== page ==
A defendant is released from jail while they await trial in exchange for an amount of money, property, or a bond that is paid to the court. The court may hold the money or property (known as bail forfeiture) and issues a warrant of arrest for the offender if they do not appear for the court at the scheduled time. Bail is used to making sure that, after release, defendants appear in court as scheduled.
Everyone has seen how bail works in a movie: You are notified in the middle of the night. Will you bail me out of jail? asks a pal on the other end of the line. Therefore, it appears easy on the screen—just post bail bonds in Norman and give the pal a ride home. But how does bail actually function in practice?
What Is Bail? What Is a Bail Bond?
Many defendants post bail bonds because they cannot afford to pay the full sum of bail. The typical procedure for a defendant to get a bail bond is to pay a private bail bond business a nonrefundable premium (or charge), which is typically 10% of the total bail amount. T
The defendant (or bond buyer) would typically be required to post some form of collateral (such as the defendant’s car or house) to cover the bond company’s possible liabilities because the bond business could become liable for the full bail sum. In the event that the defendant refuses to appear as scheduled for court dates, the bond business then undertakes to pay the full bail amount to the court.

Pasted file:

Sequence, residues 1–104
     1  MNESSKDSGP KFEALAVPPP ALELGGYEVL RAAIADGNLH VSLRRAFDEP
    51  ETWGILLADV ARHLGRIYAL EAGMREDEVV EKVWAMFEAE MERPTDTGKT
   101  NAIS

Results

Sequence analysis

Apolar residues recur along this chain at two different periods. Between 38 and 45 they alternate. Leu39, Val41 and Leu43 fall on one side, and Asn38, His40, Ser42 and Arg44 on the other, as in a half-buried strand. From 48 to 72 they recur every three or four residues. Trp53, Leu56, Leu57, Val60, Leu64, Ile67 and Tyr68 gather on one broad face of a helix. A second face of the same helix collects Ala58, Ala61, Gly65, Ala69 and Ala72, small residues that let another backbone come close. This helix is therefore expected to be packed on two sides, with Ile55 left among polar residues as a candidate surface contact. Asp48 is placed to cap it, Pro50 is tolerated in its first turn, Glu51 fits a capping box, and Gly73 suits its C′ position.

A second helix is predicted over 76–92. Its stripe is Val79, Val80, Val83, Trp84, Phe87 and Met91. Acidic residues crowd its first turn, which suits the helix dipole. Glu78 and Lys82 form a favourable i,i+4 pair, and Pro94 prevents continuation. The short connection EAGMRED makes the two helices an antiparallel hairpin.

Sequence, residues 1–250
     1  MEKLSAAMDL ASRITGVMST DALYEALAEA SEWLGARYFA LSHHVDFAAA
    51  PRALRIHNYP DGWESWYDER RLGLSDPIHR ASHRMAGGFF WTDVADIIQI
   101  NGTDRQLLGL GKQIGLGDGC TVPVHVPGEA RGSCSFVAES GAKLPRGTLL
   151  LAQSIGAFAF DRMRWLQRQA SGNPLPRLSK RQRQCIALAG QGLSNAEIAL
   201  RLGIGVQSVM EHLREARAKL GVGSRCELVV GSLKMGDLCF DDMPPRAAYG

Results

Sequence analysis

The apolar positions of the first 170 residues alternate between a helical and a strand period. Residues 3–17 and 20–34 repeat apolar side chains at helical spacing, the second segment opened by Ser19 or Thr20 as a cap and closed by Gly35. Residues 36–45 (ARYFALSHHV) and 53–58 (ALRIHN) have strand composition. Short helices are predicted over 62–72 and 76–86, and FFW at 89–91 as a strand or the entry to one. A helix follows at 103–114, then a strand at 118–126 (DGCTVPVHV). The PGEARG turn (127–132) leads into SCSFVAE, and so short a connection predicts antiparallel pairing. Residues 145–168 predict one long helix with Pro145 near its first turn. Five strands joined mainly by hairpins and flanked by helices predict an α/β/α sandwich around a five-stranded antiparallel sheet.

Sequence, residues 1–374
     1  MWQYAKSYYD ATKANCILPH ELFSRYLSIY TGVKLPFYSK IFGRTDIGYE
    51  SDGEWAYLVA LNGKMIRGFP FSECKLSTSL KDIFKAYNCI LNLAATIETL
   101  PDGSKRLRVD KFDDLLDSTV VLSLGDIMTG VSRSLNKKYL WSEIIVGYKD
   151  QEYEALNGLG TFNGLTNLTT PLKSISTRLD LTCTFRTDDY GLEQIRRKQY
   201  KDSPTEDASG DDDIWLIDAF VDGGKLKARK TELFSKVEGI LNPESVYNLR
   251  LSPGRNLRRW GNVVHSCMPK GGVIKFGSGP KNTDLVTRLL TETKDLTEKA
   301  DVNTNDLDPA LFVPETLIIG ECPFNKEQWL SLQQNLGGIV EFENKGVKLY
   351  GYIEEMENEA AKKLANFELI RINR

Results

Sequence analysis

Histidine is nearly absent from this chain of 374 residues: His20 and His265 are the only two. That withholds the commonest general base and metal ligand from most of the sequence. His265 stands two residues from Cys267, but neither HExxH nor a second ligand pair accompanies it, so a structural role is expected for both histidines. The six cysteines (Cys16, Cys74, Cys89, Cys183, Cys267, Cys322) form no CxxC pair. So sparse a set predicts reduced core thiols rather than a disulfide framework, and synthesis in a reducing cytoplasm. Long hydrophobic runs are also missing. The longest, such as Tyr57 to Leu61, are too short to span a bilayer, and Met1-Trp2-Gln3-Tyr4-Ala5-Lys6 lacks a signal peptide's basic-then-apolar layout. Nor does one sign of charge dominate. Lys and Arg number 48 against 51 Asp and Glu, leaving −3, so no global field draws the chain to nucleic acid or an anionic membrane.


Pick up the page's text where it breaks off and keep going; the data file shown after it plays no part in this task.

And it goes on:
The cost of a bail bond in Norman is typically more than that of posting cash bail. If the defendant makes all required court appearances, cash bail paid directly to the court will be returned (less a small processing fee). In the case of bail bonds, the defendant (or bond buyer) is always out of the 10% charge.
Who Sets Bail?
A defendant may occasionally be given a chance to pay bail at the police station right away after being detained. While choosing this option can hasten the release process.
Therefore, the defendant will be required to post the full amount of bail and will not be allowed to request a lower sum. Bail bonds in Norman can only be increased, reduced, or excused by a judge or magistrate at a hearing.
Conditions of Release and Pretrial Supervision
Courts in Oklahoma can impose pretrial supervision and other conditions of release in addition to or instead of bail. A judge might, for instance, impose terms on a defendant’s O.R. release that include:
- Regular meetings or check-ins with only a probation officer;
- electronic monitoring (such as an ankle bracelet)
- Restrictions on travel, drug or alcohol monitoring or treatment.
Stay-away orders (to protect victims), passport submission, a ban on carrying weapons, and a general direction not to break any laws are some other common terms of release. Any of these terms connected with the bail bonds in Oklahoma that are broken could lead to the forfeiture of bail, a new arrest, or being imprisoned until the case is resolved.
Less frequently now, courts establish bail amounts utilizing bail schedules. The possibility that a defendant, if allowed pretrial, won’t return to court or a victim is instead being determined by judges using risk-based evaluations (public safety risk).
The judge will probably set bail at a greater amount if the defendant presents a greater flight or public safety risk. Judges may refuse to approve bail in various areas of Oklahoma!